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Universal health care aim of Colorado proposal

Ed Sealover
Rocky Mountain News
Denver, CO Colorado

DENVER, Colorado ” A plan to lay the groundwork for a Canadian-style, single-payer universal health care system in Colorado has been introduced by a group of Democrats.

House Bill 1273, sponsored by Fort Collins Rep. John Kefalas and co-sponsored by 18 legislators, would create a privately funded commission to study how a government-funded health care system could work. The goal is to have a single-payer bill to the General Assembly in 2011, he said.

The idea, once considered a fringe proposal, has picked up support as the number of uninsured Coloradans has jumped to more than 800,000. But few ideas stir as much animosity among free-market supporters.

Kefalas’ plan is likely to get some Democratic resistance, too. House Speaker Terrance Carroll, D-Denver, replaced the Health and Human Services Committee chairwoman last year after saying he wanted the health-care discussion to include several options ” not just universal. And Carroll sent the bill to the Business Affairs and Labor Committee rather than to HHS.

Still, Kefalas is pushing ahead, saying he wants to turn the conversation from reducing the ranks of the uninsured to eliminating them.

“There’s a lot of interest, support, enthusiasm. But I want to make sure we do this right, because it’s a project of great magnitude,” he said. “Across the spectrum, there’s agreement that the current system isn’t working.”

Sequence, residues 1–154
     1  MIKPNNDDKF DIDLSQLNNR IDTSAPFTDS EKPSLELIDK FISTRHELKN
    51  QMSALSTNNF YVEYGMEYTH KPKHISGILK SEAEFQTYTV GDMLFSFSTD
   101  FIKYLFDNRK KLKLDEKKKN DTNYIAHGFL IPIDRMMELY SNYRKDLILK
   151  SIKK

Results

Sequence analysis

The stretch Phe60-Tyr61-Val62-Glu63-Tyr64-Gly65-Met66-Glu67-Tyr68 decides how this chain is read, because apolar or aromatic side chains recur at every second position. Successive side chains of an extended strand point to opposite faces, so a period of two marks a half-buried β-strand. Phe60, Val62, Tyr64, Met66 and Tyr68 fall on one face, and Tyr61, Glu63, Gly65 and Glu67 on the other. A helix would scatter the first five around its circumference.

The bill comes after an ad-hoc group of legislators met between sessions to discuss a system in which government covers all health care, eliminating the private health-insurance system. A separate commission determined that while the plan could cost $26 billion ” less than the $30 billion Coloradans now pay in public and private health-care costs ” it was not the best option.

The health-care authority that Kefalas would create would look at how a single-payer program would be financed and what it would take to get the federal Medicaid waivers to operate such a system. Then it would recommend how to transition to the new system, said Irene Aguilar, a doctor at Denver Health’s Westside clinic.

“This is the single-payer building block,” said Aguilar, a bill supporter.

The new study would occur at the same time the state is examining Centennial Care Choices, a program that would allow private insurers to offer more low-cost plans to the uninsured.

Rep. Spencer Swalm, an insurance broker who specializes in employee benefit programs, questioned how the government could improve health care.

He noted that Medicaid, the government program for the low-income, has such low reimbursement rates that many doctors don’t take it and others who do have long waits to see them.

“In a universal program, they’re going to do the same thing,” Swalm said. “They’re going to have low reimbursement rates … There’s a good likelihood you’re not going to get to see the doctor you want to see.”

No date has been scheduled to hear the bill yet.


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